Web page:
Girl activism and illustrated by the Web site About-Face.org.
The Web site
About-Face.org (A-F.org) launched in 1997, encourages girls to voice
their opinions and use the site as a "launching pad" for their own
rebellion and to do so "with guts and humor" (Brunkala, 1998, ¶2).
In 1997 and 1998, the site received an average of 3,580 page views
per day, but by 2002, the hits were up to more than 11,000 (A-F.org).
A-F.org uses a feminist pedagogical approach to guide young women
through the process of "making an about-face, a 'reversal of
standpoint,' when they look at advertising and media messages." The
goal, according to its founders, is to get girls "to stop, turn
around, and think about what they are seeing. Conversely, we
agitate for an about-face in the way advertisers portray women" (A-F.org).
The founding and ongoing charge of A-F.org is to address the dozens
of glossy advertisements contained in dozens of glossy magazines,
ads that emphasize what women look like instead of what they think.
In the summer of
1995, Kathy Bruin saw, on the side of a bus, a Calvin Klein
Obsession fragrance ad featuring a naked, reclining Kate Moss.
Bruin and a friend found a print version of the advertisement,
scanned it, subvertised (manipulated it) and, with help from friends
and family, plastered posters onto temporary structures around San
Francisco. In true Culture Jammer fashion, Bruin played on Moss'
already thin body by exaggerating her skeletal features through
enhancing shading and elongating the image to emphasize the model's
already apparent vulnerability. She states that Kate Moss:
looked so young
and gaunt, so frightened and vulnerable. This ad was the last straw
for me. I wanted to make a statement that would be louder than just
writing Calvin Klein a letter. I envisioned myself scrambling up
scaffolding to deface billboards, or waiting at bus stops to attach
an ad on the side of a bus! (A-F.org)
Bruin did not
deface the ad; rather she satirized it by changing the text to
"Emaciation Stinks!" and "Stop Starvation Imagery!" This led to the
creation of the culture-jamming organization About-Face. In 1996,
in honor of National Eating Disorders Week, Bruin and company
created another poster "Bodies are not Fashion Accessories: Question
the motives of the Diet Industry," and, again displayed it around
San Francisco, catching the attention of critics and comrades. A
critique of the messages of fashion magazines' seasonal dictates of
what is in and what is out, the poster satirized the
objectification of women's bodies and presented the parts as baubles
and beads. Bruin describes what motivated her to become an activist
and why sexist advertising images are harmful to the psyches of both
girls and boys:
does all of us a disservice to put such importance on the way women
look rather than who we are. Encouraging women — and then expecting
us — to spend a lot of time and money on beauty/fashion/diets
guarantees that we may never measure up. Images of women in popular
culture, led by the entertainment and "beauty" industries, affect
women's perception of themselves and contribute to unhealthy
relationships with food. This campaign encourages people to voice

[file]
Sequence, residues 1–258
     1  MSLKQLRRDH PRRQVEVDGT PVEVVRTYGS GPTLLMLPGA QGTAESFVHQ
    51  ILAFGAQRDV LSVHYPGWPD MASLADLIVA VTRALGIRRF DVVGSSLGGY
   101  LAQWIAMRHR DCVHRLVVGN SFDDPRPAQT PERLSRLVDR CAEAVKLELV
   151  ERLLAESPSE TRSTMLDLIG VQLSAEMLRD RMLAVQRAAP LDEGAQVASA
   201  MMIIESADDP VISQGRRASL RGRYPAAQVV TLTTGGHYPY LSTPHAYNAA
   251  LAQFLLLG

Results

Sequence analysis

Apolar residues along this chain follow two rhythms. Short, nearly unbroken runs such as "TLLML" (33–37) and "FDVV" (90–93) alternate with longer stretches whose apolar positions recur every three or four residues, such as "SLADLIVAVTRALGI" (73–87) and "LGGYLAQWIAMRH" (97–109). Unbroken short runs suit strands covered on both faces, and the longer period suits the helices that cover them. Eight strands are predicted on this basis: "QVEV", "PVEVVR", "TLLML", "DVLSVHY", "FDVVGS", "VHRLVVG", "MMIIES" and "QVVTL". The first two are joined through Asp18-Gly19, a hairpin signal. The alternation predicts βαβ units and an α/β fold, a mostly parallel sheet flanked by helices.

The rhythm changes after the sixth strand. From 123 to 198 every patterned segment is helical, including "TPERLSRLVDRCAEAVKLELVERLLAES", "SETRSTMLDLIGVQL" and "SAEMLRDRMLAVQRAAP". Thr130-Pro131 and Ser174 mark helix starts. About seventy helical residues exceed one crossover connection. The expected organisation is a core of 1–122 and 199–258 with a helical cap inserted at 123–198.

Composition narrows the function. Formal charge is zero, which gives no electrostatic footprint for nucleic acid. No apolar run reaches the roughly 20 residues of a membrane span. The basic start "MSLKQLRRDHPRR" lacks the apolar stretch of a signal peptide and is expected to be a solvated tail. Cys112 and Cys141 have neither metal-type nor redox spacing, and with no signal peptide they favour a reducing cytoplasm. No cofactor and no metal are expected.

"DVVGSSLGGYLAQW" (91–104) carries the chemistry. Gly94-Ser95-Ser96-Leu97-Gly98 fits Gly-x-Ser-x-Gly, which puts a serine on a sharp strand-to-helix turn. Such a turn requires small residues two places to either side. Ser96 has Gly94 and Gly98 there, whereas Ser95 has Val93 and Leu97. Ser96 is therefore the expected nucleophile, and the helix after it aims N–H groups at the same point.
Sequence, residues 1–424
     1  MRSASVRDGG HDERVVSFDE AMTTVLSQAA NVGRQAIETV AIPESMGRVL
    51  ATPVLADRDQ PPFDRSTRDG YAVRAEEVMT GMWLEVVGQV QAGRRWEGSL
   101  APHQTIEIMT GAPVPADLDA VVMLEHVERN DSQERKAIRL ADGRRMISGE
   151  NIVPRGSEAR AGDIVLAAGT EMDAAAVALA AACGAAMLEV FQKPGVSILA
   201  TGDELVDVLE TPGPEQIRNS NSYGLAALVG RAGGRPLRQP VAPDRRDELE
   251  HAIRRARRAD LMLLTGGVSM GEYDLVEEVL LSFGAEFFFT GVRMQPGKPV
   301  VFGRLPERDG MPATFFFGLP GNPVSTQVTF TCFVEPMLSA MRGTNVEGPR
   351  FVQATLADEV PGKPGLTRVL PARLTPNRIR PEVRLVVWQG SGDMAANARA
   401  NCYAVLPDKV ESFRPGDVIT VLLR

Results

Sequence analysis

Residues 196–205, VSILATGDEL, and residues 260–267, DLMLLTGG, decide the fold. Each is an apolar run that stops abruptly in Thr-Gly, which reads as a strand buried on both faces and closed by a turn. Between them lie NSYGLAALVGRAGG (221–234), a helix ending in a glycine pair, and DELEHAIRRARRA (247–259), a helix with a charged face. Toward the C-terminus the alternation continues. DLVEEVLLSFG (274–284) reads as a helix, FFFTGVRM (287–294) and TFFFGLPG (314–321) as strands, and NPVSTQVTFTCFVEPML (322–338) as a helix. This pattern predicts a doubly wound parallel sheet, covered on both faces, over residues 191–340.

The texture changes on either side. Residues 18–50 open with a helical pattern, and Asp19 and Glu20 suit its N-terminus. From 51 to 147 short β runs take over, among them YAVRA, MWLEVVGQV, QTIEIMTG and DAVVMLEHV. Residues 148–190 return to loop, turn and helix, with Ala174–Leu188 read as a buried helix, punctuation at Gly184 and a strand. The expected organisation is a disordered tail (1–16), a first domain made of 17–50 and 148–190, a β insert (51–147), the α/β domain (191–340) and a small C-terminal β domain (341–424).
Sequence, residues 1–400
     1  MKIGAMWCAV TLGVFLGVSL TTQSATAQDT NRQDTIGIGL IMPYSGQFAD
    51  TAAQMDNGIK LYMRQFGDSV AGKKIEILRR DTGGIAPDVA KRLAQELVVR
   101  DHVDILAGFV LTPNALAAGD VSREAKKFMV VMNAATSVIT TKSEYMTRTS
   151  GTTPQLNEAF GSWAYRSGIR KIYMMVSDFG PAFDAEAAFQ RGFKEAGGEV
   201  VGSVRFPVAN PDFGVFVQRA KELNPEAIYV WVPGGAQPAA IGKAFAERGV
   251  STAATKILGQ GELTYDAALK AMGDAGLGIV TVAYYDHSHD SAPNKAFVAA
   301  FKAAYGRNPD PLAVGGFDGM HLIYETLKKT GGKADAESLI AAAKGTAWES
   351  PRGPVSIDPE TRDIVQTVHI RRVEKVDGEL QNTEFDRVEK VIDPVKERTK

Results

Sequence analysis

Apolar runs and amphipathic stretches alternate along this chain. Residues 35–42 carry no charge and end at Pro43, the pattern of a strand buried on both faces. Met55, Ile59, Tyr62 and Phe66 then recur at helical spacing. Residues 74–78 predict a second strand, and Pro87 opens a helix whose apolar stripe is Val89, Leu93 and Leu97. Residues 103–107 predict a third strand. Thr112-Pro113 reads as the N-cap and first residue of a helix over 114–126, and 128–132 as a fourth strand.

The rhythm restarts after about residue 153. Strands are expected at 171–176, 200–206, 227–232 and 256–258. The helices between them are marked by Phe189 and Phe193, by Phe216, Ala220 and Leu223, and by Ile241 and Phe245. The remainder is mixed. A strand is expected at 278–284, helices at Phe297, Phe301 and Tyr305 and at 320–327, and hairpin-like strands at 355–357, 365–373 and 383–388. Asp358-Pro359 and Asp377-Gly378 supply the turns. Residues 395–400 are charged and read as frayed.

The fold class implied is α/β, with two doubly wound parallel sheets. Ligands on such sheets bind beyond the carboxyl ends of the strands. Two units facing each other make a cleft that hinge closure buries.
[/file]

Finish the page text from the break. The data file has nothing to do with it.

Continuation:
their own disenchantment and to make changes in their own lives….If
nothing else, we as individuals have the power to make an important
impression in a young woman's life or to give a great big company a
piece of our minds. (A-F.org)
A favorite trope
that fits A-F.org well is the concept of détournement,
defined as "an image, message or artifact lifted out of its context
to create a new meaning" (Klein, 1999, p. 282), and drawing upon
Debord (1983), is "a way for people to take back the spectacle that
had kidnapped their lives" (Lasn, 1999, p. 103). This type of
rebellion is a way of combining teenage traits of angst and anxiety
with the urge to rebel that touches a deep-seated adolescent trait
usually associated with boys. Media literacy is "the
ability to critically consume and create media" (New Mexico Media
Literacy Project, 2004). The goal is to teach individuals how to
decipher deeper meanings from the media they consume. A-F.org
demonstrates media literacy by applying the concepts to advertising
as well as instructing girls how to use and transform ideas into
their own words. It also serves as an exchange, a place to document
action, post alternative responses, and create community.
Based within the
rubric of media literacy at the grass-roots and on-line levels,
About-Face.org believes "when girls and women understand what media
messages are saying and the impact of such messages, they will act
to change them" (A-F.org). In 1996, the A-F staff began a media
literacy program by giving speeches, talks, and workshops at
colleges, high schools, and to women's organizations. A-F.org
applies the same principles of awareness and critique to online
examples, thereby reaching a wider geographical audience. The
strategies and tactics give girls and women the tools needed to
think critically about advertising, providing an outlet for them to
become active, educated, and visible consumers.
Girls are encouraged to "use this Web
site as a launching pad for [their] own rebellion" (A-F.org).
The goal is to "disarm irresponsible advertisers" by
subverting the messages that undermine girls' and women's strengths